News from the Block, Innovate Building Solutions Blog
News from the Block, Innovate Building Solutions Blog
Bathroom, Kitchen, Basement Design & Remodeling Ideas for the Nicest Home or Business on the Block
Bathroom, Kitchen, Basement Design & Remodeling Ideas for the Nicest Home or Business on the Block

5 Myths about Anchoring a Glass Block Shower Wall

5 myths about anchoring a glass block shower wall

Updated April 19, 2020

Yes – I’ve been involved with selling glass block shower pans and walls since 1985. Ouch – that’s a pretty long time (it’s also why I like telling people I started in business at the age of 11 – although no one is believing me!). During this time I’ve heard so many myths about glass block shower walls I thought it’s high time to set things straight – in writing!

You see –  since a glass block shower wall is often a niche project for homeowners and builders it’s like everyone is needing to recreate the wheel each time a job is done. Many of you don’t have the answers to the correct way to build and anchor a glass block shower wall so you seek out advice from your general contractor, builder or some random clerk at a home center store. The reality – most of these people don’t know what the heck they are talking about either. It’s not that your contractor is dumb, it’s that they very likely have never built on of these walls before. They are a ‘newbie,’ just like you. But what’s cool about glass blocks – is they install (and anchor together) like ‘Lego blocks.’ They’re not hard to install. They’re not hard to anchor.

My goal for this article is simple – bust the myths about how to anchor a glass block shower wall (and at the end, I’ll give you a special link you’ll want to check out if you’re intrigued about glass block walls – but you’ll have to wait until the end to find out what it is). Without further delay let’s go.

Myth #1 – You have to anchor the glass block shower wall down

A glass block shower wall will be positioned on top of the shower curb. A “curb” if you’re not familiar with the term, is the highest point of the shower base on the outside edge. It is higher than the base so when water runs off the glass it is directed down towards the drain. Most people think it is logical to anchor something down – but with shower pan that is the worst thing you can do! The reason you want to avoid this like the plague is if you drill holes through the curb you’ve now created a place where water could find its way through the pan and leak out onto the subfloor beneath. If this happen – you have big problems because this water could leak to levels below (causing ceiling damage) and results in needing the rip out the entire shower.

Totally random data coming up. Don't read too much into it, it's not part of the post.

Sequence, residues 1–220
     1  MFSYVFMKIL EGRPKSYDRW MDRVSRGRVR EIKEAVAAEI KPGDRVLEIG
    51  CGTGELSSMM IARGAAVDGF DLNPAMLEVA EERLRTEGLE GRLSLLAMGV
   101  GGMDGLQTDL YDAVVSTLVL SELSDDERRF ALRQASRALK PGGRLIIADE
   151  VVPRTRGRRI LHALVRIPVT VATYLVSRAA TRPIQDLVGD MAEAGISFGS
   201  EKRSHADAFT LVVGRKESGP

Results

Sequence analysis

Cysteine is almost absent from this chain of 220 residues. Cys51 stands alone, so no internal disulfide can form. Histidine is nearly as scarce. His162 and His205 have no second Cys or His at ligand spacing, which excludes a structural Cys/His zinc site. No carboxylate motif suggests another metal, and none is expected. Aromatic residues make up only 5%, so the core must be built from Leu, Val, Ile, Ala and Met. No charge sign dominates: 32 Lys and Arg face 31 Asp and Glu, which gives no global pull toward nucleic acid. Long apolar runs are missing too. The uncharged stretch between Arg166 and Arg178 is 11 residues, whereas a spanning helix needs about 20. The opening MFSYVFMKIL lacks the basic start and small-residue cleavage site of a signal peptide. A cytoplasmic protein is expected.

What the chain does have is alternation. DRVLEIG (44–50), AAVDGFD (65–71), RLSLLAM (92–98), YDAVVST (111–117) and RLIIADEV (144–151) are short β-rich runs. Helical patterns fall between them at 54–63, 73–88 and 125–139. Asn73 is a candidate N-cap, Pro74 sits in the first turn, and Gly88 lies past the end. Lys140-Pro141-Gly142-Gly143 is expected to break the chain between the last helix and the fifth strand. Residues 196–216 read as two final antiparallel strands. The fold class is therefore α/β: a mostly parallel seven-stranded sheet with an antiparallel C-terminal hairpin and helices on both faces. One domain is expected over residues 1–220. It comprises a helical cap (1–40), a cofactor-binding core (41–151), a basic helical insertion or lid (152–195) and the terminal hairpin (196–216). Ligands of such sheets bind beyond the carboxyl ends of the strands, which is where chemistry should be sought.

I can’t say this strongly enough – DO NOT ANCHOR THE GLASS BLOCK WALL DOWN! At this point you may be saying, “So Mike where should I anchor the wall?” Move on to myth #2 and find out.

Download Our Glass Block Shower Guide

Myth #2 – A glass block shower wall needs to be anchored on two sides

What’s weird about this myth is I even saw one of the major glass block manufacturers recommending this strategy. After safely installing thousands glass block shower walls since 1977 (not me personally – my hands are too smooth for that – but my company) I can tell you this is pure hogwash! So what is required?

The glass block wall absolutely does have to be anchored on one side wall. The reason is without anchoring the wall would not be tied into the surrounding construction and could move away from the surrounding wall as your home settles. It is unnecessary to anchor into 2 sides.

A colored glass block wall in sections anchored on one side | Innovate Building Solutions
Glass block wall sections being anchored during the installation process

Myth #3 – You need to go to the ceiling with the glass block wall so it will stay in place better

In most cases I do not recommend to run the glass block wall to the ceiling. You may say, why not Mike? Wouldn’t you sell more glass blocks that way? Well – yes – in the “short run” we would sell more but it’s usually not the best way to do it (the exception would be in a steam shower – maybe a topic for another blog post). The reason we don’t recommend going to the ceiling has to do with ventilation. It is a good idea to not contain all the steam and moisture inside the wet area but to let it flow out of the shower and move through your exhaust fan which is often centered in the bathroom. The other benefit is it saves you money. Why spend for 12 courses of glass blocks when 10 blocks high is all you really need! A 10 block wall (which will measure 80” high) is tall enough to keep the water in.

A 10 block tall glass block wall not anchored at the ceiling
Two glass block walls with a door in between

Here’s another fun design which didn’t go to the ceiling (and very few glass block designs do touch the ceiling)